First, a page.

Almost a third of women in New Zealand will have an abortion in their lifetime. A lot of men have already supported partners, friends or family members through abortion. It can be distressing, difficult and sad, but it can also afford you and your loved ones the chance to choose when you start a family. It’s important to be vocal about it (with consent and prior discussion with the person who had the abortion).

4) Educate yourself about anatomy

One of the most shocking things to come out of this whole Alabama debacle is the sheer willful ignorance legislators have shown about women’s bodies. This is not some harmless bumbling, it’s actively dangerous. It leads to misconceptions (not a pun), like the idea that a woman’s body can “shut the whole thing down” and not get pregnant during rape, therefore justifying abortion bans. Revisit the heady days of third form health class and read about how uteruses work (just don’t be the guy who tried to mansplain vulvas to a gynaecologist).

5) Change New Zealand’s abortion laws

Abortion in New Zealand is still in the Crimes Act 1961, but it doesn’t have to be. We can change the laws, and it’s a good time to act. Parliament is currently considering recommendations from the Law Commission on legalising abortion. Sign a petition (or two), email your local MP, phone your representative and let them know this is an issue for you. Meet with an MP and tell them your story. Publicly call out anti-abortion politicians – they need to know their views aren’t tolerated and they don’t have a platform. Make sure you know the parties’ policies on abortion and vote accordingly.

6) Give practical support

If someone in your life is having an abortion, ask how you can support her. Offer to drive her to and from her appointments, cook her dinner, look after her kids, run errands, or stay with her after the procedure if she needs help or hugs.

7) Put your money where your mouth is
If you played a part in the conception, pay for part or all of the abortion. Remember that abortions can cost women in other ways: it’s not just the price of the procedure, but the time off work, extra childcare, fuel money and doctor’s fees.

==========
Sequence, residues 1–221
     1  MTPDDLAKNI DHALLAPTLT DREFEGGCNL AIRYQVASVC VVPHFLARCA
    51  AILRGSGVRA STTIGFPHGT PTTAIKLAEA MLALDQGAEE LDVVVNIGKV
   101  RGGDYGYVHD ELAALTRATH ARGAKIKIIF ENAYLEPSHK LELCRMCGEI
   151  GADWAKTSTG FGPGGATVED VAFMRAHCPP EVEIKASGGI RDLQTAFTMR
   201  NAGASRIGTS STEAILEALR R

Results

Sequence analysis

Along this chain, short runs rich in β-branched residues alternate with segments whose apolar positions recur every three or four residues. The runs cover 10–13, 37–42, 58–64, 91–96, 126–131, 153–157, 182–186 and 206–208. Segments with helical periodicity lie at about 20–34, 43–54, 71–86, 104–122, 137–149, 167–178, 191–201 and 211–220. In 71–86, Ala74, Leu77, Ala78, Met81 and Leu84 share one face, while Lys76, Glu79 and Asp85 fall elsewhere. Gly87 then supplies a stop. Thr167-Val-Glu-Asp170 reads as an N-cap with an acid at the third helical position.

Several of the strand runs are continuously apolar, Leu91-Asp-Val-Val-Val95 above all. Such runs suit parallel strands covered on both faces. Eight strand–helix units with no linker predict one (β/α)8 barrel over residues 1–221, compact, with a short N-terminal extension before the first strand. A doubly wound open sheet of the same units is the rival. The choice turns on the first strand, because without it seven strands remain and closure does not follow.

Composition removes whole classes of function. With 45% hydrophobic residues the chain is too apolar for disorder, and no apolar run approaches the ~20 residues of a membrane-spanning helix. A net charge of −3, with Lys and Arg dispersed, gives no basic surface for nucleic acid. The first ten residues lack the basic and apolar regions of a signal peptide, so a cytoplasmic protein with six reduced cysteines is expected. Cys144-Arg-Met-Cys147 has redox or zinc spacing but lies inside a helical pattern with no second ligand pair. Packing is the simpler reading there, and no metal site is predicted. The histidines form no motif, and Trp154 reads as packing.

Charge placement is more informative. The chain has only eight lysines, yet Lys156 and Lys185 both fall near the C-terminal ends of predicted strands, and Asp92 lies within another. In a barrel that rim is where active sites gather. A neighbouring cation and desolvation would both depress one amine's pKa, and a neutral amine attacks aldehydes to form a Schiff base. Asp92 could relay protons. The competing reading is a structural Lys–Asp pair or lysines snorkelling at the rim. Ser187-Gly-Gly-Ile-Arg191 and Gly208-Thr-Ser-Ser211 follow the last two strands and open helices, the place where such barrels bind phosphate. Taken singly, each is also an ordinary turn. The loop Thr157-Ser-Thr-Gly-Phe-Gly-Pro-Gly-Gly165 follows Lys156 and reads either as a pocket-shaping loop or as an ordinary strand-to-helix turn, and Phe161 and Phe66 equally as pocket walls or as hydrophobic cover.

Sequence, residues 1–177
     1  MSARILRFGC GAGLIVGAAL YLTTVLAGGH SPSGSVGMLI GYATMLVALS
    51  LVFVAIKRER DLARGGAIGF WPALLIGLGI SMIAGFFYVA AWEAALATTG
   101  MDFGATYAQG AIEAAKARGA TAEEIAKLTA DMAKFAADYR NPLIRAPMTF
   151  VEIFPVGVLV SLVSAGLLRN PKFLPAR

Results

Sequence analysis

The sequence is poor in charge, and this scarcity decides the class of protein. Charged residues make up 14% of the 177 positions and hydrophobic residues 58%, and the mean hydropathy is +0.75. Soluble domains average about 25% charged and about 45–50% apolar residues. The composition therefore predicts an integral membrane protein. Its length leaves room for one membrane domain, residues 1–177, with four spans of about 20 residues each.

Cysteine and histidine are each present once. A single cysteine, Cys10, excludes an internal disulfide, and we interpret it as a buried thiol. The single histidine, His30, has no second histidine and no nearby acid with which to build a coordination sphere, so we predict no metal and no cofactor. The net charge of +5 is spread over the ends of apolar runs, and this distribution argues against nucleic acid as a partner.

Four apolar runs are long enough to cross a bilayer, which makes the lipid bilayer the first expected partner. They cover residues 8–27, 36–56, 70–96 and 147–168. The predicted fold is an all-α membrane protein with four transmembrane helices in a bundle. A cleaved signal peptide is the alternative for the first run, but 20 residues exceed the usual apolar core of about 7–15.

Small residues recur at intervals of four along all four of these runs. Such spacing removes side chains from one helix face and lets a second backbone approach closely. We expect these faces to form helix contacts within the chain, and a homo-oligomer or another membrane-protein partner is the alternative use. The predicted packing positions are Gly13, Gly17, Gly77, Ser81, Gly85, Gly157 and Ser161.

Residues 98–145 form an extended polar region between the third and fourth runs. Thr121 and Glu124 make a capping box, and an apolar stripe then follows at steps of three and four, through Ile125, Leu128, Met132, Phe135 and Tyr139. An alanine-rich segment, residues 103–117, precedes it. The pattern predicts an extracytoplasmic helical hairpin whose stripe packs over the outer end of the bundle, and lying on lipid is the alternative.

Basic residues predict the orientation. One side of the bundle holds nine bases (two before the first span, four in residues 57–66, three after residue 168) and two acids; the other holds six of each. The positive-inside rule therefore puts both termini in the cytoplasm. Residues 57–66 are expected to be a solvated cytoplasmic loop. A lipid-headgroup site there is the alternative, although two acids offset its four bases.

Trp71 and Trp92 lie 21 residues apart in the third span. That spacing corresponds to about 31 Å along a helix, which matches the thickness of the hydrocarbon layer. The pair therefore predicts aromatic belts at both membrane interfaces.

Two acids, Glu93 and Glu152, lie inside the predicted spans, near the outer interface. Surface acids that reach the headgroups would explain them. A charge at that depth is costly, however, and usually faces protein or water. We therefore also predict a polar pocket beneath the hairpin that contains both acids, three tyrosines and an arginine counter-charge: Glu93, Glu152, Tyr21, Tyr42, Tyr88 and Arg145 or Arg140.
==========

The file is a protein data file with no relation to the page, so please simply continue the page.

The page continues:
Handmaid’s protestors outside Parliament. Photo: Emily Writes.

8) If you’re an employer or manager, be sensitive around any loss of pregnancy

There is currently a bill before Parliament that would give women who have experienced miscarriage access to bereavement leave, but it’s been pointed out that this could easily be changed to encompass any other loss of pregnancy. With New Zealand’s laws requiring women to make multiple appointments to fulfil the requirements to access an abortion, many women require time off work. That’s not to mention the emotional and physical recovery time needed. Unless they have understanding employers, women can be forced to take leave without pay or even lose their jobs. Don’t interrogate your staff, but if they do trust you to speak about their situation, give options for extra leave and support.

9) Donate to the cause

Stump up some cash for the hardworking organisations that champion reproductive rights in Aotearoa. ALRANZ (Abortion Law Reform Aotearoa New Zealand) advocate tirelessly for better access to abortion. Family Planning (the place you pocketed free condoms from during high school) provides advice and support to women seeking contraception and abortions. Donations allow them to continue their important work.

10) Talk to your mates about it

Men need to be speaking to other men about issues that affect women’s bodies. It’s not enough for women to be the only messengers. As long as the conversation remains solely the domain of people with uteruses, reproductive rights will always be abstract nice-to-haves in the minds of people without uteruses.

Author’s note: This piece discusses women seeking abortion, but we recognise that it’s not only women that have uteruses and it’s not only women that seek abortions. Trans and non-binary people require reproductive rights. If you’re a cis man and you want to be a great ally, support LGBTQI organisations too.

Keep going!